So why had I been afraid to wear them? To help me figure it out, I paid a visit to Jacek Gora, who owns a Polish shop in The Stow. “Why are you people still coming to talk to me about this Brexit?” he asked, shaking his head. “People just want to get on with things like they did before.”

And it struck me that despite all this grandstanding from politicians, most people don’t care that much about the EU. Figures released from an Economist / Ipsos-MORI survey of British public opinion this week show that few people cited Europe as an important issue affecting the country – until politicians asked us to vote. The tragedy of this referendum is that what began as an internal dispute among politicians has now engulfed all of us. We were dragged into a referendum as a way of resolving things once and for all – for the Conservative party.

What we’re about to discover is that we won’t be able to go about things as we’d done quite happily before. But at least we can still wear the T-shirt.

These businesses are making millions running Nauru refugee detention centre – they will regret it

People hold placards at a protest against the Nauru detention centre outside an immigration office in SydneyGetty
In a remote corner of the Pacific Ocean, the Australian government has created an island of despair, where refugees fleeing persecution are trapped and live in appalling conditions, while companies make rich pickings from their predicament.

It beggars belief that any board of directors with an iota of humanity would allow their company to make millions from a state of torment and limbo. But as Amnesty International reveals in its new report Treasure I$land, for some of these corporations the lure of profits has become irresistible, even in situations where they are perpetuating a system of cruelty and suffering.

Inevitably, many of these refugees and people seeking asylum have turned to self-harm in the face of a life of alienation, isolation, abuse and hopelessness. Some such as “Yasmin” from Iran would rather be dead. Her husband “Amir” told Amnesty last year how Yasmin’s mental health started deteriorating during her time on Nauru to the point that she tried to commit suicide on several occasions.

The crime for which they are sentenced to such purgatory is that of seeking safety on Australian shores from human rights violations in the countries from which they have fled by boat. The Australian government has publicly and proudly acknowledged that its offshore processing system on Nauru and Manus Island is harsh and cruel, saying that it is necessary to deter people.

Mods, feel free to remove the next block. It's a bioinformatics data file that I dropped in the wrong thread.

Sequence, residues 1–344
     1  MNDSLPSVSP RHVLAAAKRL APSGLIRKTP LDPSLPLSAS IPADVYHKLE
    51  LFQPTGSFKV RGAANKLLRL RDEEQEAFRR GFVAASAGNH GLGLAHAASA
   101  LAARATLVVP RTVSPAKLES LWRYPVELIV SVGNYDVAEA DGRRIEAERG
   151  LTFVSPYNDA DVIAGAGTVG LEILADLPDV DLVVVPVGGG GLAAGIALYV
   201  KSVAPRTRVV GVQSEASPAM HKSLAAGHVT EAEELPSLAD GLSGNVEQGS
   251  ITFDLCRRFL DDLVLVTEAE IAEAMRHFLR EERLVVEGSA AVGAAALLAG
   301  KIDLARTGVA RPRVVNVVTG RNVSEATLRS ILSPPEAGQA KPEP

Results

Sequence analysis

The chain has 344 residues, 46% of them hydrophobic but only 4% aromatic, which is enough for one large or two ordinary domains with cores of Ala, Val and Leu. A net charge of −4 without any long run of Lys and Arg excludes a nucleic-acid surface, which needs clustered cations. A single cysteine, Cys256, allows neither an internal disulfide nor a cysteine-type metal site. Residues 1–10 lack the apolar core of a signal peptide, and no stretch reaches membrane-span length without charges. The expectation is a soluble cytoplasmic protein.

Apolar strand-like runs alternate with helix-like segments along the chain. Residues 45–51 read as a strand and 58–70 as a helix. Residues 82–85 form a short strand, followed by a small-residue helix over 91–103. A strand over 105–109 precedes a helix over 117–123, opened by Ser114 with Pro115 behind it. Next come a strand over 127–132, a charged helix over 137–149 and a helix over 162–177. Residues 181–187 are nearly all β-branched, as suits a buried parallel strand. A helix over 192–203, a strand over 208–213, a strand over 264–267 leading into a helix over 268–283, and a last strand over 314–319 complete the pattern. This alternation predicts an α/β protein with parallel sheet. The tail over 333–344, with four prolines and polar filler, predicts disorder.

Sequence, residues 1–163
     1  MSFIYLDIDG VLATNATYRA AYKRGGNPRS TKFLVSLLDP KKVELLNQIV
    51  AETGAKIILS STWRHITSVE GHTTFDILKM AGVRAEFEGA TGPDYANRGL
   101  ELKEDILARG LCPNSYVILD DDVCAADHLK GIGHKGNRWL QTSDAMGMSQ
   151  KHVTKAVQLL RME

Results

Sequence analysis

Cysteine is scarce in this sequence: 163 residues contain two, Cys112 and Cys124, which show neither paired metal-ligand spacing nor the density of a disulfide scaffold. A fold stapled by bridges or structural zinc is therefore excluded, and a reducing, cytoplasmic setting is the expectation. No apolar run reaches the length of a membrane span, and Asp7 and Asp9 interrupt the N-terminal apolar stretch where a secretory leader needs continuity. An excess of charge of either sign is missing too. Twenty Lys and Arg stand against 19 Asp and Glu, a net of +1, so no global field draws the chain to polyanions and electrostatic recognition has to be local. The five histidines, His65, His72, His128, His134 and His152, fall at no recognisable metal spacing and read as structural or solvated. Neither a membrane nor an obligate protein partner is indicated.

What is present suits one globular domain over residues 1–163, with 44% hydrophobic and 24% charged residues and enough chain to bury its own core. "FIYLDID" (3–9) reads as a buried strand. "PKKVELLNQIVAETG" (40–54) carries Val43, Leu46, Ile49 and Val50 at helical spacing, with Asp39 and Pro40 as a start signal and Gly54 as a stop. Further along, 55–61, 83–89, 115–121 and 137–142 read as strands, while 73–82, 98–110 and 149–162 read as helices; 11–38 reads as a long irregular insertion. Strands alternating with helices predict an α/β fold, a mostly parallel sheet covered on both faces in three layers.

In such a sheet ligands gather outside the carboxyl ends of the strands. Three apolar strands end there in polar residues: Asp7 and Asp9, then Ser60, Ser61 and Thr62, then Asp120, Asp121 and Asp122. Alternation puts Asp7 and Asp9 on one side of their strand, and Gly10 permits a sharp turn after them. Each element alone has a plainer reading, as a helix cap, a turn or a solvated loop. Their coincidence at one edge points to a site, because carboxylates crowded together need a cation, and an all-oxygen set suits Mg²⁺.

This logic is perverse, because not only is seeking asylum not a crime, but it is a human right embodied in the 1951 UN Refugee Convention. Ratified by 145 State parties, this defines the term ”refugee” and outlines the rights of those displaced because of persecution or conflict, as well as the legal obligations of States to protect them.

The Australian government outsources the operation of these facilities to the private sector. The government’s leading contractor on Nauru is Broadspectrum, a subsidiary of Spanish multinational Ferrovial which holds a 25% stake in the company that manages Heathrow Airport and provides transport services for the London Underground system. Broadspectrum has been running Nauru’s refugee processing centre since 2012.

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The contracts are lucrative – a total of £1.5bn over three and a half years in the case of Broadspectrum. But no amount of money can absolve Ferrovial and Broadspectrum from complicityin these human rights violations committed by the Australian government.

They know what is going on, they are aware that the services they provide are a central part of a system that is designed to cause mental anguish to refugees, and that the only legitimate option open to them is to end their operations as soon as possible.

Ferrovial has announced that it will not bid for further work on Nauru and Manus after its current contract ends in October 2017. In the meantime they will make a substantial profit from Broadspectrum’s operations.

But this now comes at greater legal and reputational risk. Their role on Nauru and Manus is attracting international attention and muddying the waters for other parts of their corporate group. The veil of secrecy surrounding these contracts is gradually being pierced.

For Ferrovial and any companies that may be intending to bid, Amnesty International is sending a clear message – you will not be able to conceal the abuses that are taking place on Nauru and Manus Island, which will taint you and undermine your global business interests.